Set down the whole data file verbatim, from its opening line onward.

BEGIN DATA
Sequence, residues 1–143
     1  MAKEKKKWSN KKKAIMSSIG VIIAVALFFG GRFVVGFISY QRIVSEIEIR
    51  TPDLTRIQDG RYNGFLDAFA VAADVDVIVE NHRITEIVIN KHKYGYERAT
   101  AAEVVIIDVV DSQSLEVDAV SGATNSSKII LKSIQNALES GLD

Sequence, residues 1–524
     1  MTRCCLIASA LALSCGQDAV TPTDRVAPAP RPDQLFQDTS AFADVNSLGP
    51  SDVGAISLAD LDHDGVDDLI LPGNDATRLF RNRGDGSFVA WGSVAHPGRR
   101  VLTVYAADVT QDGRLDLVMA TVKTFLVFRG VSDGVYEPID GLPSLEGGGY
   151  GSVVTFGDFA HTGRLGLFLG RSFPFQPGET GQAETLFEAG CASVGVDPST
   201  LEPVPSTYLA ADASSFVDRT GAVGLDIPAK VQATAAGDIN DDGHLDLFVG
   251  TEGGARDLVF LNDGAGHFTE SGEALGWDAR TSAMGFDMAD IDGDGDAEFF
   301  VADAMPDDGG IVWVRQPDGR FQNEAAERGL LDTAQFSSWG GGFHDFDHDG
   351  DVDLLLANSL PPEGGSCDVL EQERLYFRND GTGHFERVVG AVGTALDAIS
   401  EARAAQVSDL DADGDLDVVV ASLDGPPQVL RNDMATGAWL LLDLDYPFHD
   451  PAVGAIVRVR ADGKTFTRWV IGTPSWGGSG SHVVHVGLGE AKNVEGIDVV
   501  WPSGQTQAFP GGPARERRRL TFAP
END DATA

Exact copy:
Sequence, residues 1–143
     1  MAKEKKKWSN KKKAIMSSIG VIIAVALFFG GRFVVGFISY QRIVSEIEIR
    51  TPDLTRIQDG RYNGFLDAFA VAADVDVIVE NHRITEIVIN KHKYGYERAT
   101  AAEVVIIDVV DSQSLEVDAV SGATNSSKII LKSIQNALES GLD

Sequence, residues 1–524
     1  MTRCCLIASA LALSCGQDAV TPTDRVAPAP RPDQLFQDTS AFADVNSLGP
    51  SDVGAISLAD LDHDGVDDLI LPGNDATRLF RNRGDGSFVA WGSVAHPGRR
   101  VLTVYAADVT QDGRLDLVMA TVKTFLVFRG VSDGVYEPID GLPSLEGGGY
   151  GSVVTFGDFA HTGRLGLFLG RSFPFQPGET GQAETLFEAG CASVGVDPST
   201  LEPVPSTYLA ADASSFVDRT GAVGLDIPAK VQATAAGDIN DDGHLDLFVG
   251  TEGGARDLVF LNDGAGHFTE SGEALGWDAR TSAMGFDMAD IDGDGDAEFF
   301  VADAMPDDGG IVWVRQPDGR FQNEAAERGL LDTAQFSSWG GGFHDFDHDG
   351  DVDLLLANSL PPEGGSCDVL EQERLYFRND GTGHFERVVG AVGTALDAIS
   401  EARAAQVSDL DADGDLDVVV ASLDGPPQVL RNDMATGAWL LLDLDYPFHD
   451  PAVGAIVRVR ADGKTFTRWV IGTPSWGGSG SHVVHVGLGE AKNVEGIDVV
   501  WPSGQTQAFP GGPARERRRL TFAP